Few years back, Nokia started its journey from being a mobile manufacturer to an Internet services company and the company will go through certain iteration before they ‘get it’.

Nokia earlier launched N97, then N97 Mini and then the big change, i.e. adoption of Maemo over Symbian.

N900 is Nokia’s first product based on Maemo OS and if you compare N900 with N97s of the world, you surely have a winner in N900. As always, we do a review from user perspective and not so much from gadget freak context.

Nokia N900
N900 - Nokia's Linux (Maemo) Based Phone

So here goes the part 1 of the review – based purely on first impressions (of using the phone for few days).

N900 – Form Factor

If you eat a lot of Apples (pun intended), N900 will look a bit odd! :). It’s a bit bloated and flat – big and bulky are the right words to describe it.

My first impressions of the phone was that its too bloated to be called a smartphone (remember those brick phones?), but once you start using the phone, you will find that its more comfortable that ways only. The phone is easy to hold and the form factor goes well with the slide-out QWERTY keypad.

N900 – Boot Time

Like a PC, boot time is important for smartphones and while one can always measure it to the nearest second, the experience lies in ‘how slow is too slow’. As compared to a few other Nokia phones (N97), N900 worked better (Iwith installed apps). Technically speaking, N900 uses upstart to reduce the boot time.

N900 – Navigation

Navigation is quite a big deal with this phone. It beats me to understand why Nokia designers made it so difficult to use this phone. For instance, importing SIM contact isn’t so intuitive, making a call again ain’t so intuitive (where is the dialpad?).

Nokia understands this issue very well and when you buy a N900, you get custom demo/support (from the services team) as part of the buying process.

Battery

Smartphones are an alternative to PCs and while there are technical explanation of better battery power in these phones, the simple analogy is that if you use smartphone like a PC (i.e.  play games, browse, create docs etc), you better charge it like a PC.  Rather, keep it charged like a PC. As simple as that.

Do I have to say more?

Display

A major confusion between landscape vs. portrait mode – the phone works primarily in landscape mode. The portrait mode is active only while making calls. This, I believe is driven by usability research (especially when the phone is optimized for playing games/browsing etc), but it takes a while to get used to this change.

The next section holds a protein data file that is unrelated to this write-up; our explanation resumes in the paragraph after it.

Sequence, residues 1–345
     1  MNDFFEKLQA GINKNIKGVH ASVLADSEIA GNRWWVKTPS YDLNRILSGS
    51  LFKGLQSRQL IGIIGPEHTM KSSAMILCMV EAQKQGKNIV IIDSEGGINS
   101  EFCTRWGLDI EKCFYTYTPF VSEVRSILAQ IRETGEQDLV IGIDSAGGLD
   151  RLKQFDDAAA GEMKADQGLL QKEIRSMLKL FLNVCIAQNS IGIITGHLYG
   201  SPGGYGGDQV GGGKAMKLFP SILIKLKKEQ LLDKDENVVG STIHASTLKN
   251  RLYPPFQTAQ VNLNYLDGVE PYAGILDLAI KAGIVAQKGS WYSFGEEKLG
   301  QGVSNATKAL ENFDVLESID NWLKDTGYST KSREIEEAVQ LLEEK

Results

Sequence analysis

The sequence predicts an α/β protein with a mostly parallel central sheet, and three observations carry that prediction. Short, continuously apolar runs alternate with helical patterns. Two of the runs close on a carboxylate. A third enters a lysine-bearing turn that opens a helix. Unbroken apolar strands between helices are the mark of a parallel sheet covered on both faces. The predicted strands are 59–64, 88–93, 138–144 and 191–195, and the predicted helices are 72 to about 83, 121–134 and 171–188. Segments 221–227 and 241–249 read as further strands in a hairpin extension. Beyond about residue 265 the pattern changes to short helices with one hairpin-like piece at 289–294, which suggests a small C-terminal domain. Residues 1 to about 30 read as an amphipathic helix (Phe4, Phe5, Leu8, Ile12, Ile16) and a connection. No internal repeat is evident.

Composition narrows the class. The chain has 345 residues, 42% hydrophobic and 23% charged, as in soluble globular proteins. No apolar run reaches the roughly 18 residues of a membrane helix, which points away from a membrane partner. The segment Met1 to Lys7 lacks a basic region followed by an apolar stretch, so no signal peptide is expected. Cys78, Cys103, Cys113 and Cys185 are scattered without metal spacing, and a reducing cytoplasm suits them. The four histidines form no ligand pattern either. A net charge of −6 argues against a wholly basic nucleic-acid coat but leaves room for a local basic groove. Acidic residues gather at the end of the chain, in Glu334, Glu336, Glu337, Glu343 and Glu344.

There are a few interesting features in the phone like notification light, which toggles between different colors (blue, white, yellow, orange)–  Blue light means that you have received a SMS, email, missed call or IM. When the battery is charging the light turns Orange and when full it turns Green.

There is no button to make a call/cancel call – its all touch driven. And again, it will take some time to get adjusted to this, as we all are trained to have the green/red buttons on the phone.

Having said that, UI is an eye candy. It actually is unique to N900 and notifications (of missed calls/sms/IM) etc is super cool.

Touch(y)

And now the most important part, i.e. Touch experience.

Compared to N97, there is a major improvement on N900 touch experience, but if you actually compare this with an iPhone, you would still cry for 100X improvement. Most of the times, touch is not responsive (hey! makes me feel if I have fat fingers?) and lack of keyboard support dampens the experience.

N900 Price?

The good news is that Nokia has slashed the price by 5K/ and the N900 price in India is INR 25,000 (MRP), so you might get that at INR 24,500. Not too expensive for a phone like this which offers 32GB of storage (specs below).

In the next part, I will share a detailed review of the phone, especially on the UI front where Nokia has actually done a great job. Stay Pluggd.in.

Disclosure: Review done using a sample device from Nokia.

N900 Specs

  • 32 GB internal storage
  • Up to 16 GB of additional storage with an external microSD card
  • Full QWERTY tactile keyboard
  • Full QWERTY onscreen keyboard
  • Quad-band GSM EDGE 850/900/1800/1900
  • WCDMA 900/1700/2100 MHz
  • Maemo browser powered by Mozilla technology
  • Adobe Flash™ 9.4 support
  • Full screen browsing
  • 3.5mm AV connector
  • TV out (PAL/NTSC) with Nokia Video

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